My name is Blaize Sun. Maybe that's the name my family gave me; maybe it's not. In any case, that's the name I'm using here and now. I've been a rubber tramp for nearly a decade.I like to see places I've never seen before, and I like to visit the places I love again and again. For most of my years on the road, my primary residence was my van. For almost half of the time I was a van dweller, I was going it alone. Now I have a little travel trailer parked in a small RV park in a small desert town. I also have a minivan to travel in. When it gets too hot for me in my desert, I get in my minivan and move up in elevation to find cooler temperatures or I house sit in town in a place with air conditioning I was a work camper in a remote National Forest recreation area on a mountain for four seasons. I was a camp host and parking lot attendant for two seasons and wrote a book about my experiences called Confessions of a Work Camper: Tales from the Woods. During the last two seasons as a work camper on that mountain, I was a clerk in a campground store. I'm also a house and pet sitter, and I pick up odd jobs when I can. I'm primarily a writer, but I also create beautiful little collages; hand make hemp jewelry and warm, colorful winter hats; and use my creative and artistic skills to decorate my life and brighten the lives of others. My goal (for my writing and my life) is to be real. I don't like fake, and I don't want to share fake. I want to share my authentic thoughts and feelings. I want to give others space and permission to share their authentic selves. Sometimes I think the best way to support others is to leave them alone and allow them to be. I am more than just a rubber tramp artist. I'm fat. I'm funny. I'm flawed. I try to be kind. I'm often grouchy. I am awed by the stars in the dark desert night. I hope my writing moves people. If my writing makes someone laugh or cry or feel angry or happy or troubled or comforted, I have done my job. If my writing makes someone think and question and try a little harder, I've done my job. If my writing opens a door for someone, changes a life, I have done my job well. I hope you enjoy my blog posts, my word and pictures, the work I've done to express myself in a way others will understand. I hope you appreciate the time and energy I put into each post. I hope you will click the like button each time you like what you have read. I hope you will share posts with the people in your life. I hope you'll leave a comment and share your authentic self with me and this blog's other readers. Thank you for reading.  A writer without readers is very sad indeed.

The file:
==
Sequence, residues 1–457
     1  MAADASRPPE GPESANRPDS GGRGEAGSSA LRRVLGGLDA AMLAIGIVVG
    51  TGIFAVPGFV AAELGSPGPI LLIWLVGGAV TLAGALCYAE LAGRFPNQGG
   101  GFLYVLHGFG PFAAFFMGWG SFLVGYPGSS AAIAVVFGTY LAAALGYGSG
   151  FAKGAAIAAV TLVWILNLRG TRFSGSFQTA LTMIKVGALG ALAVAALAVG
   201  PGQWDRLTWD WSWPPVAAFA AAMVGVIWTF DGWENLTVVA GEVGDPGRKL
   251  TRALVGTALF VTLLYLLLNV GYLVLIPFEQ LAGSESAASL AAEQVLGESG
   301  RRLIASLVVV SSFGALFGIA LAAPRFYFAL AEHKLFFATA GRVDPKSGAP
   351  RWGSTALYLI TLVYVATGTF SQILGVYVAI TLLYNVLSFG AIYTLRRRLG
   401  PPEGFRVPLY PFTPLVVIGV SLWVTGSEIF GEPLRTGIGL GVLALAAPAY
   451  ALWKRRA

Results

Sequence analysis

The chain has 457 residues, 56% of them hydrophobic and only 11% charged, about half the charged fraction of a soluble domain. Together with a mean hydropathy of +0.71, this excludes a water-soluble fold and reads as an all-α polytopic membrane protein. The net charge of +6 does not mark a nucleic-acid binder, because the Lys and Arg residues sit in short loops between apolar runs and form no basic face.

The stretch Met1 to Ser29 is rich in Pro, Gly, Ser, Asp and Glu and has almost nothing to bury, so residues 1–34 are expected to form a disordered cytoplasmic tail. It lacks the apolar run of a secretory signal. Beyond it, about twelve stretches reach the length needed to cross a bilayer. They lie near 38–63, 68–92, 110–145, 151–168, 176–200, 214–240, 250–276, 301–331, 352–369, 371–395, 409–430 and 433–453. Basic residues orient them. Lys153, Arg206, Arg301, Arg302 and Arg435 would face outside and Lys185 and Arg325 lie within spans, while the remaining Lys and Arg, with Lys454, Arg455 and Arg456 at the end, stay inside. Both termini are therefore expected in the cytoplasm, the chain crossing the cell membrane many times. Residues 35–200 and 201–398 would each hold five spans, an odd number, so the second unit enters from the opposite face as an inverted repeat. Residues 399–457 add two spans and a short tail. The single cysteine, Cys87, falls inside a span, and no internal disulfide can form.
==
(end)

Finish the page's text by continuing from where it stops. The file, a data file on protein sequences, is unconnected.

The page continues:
I'd love to know what you think. Please leave a comment.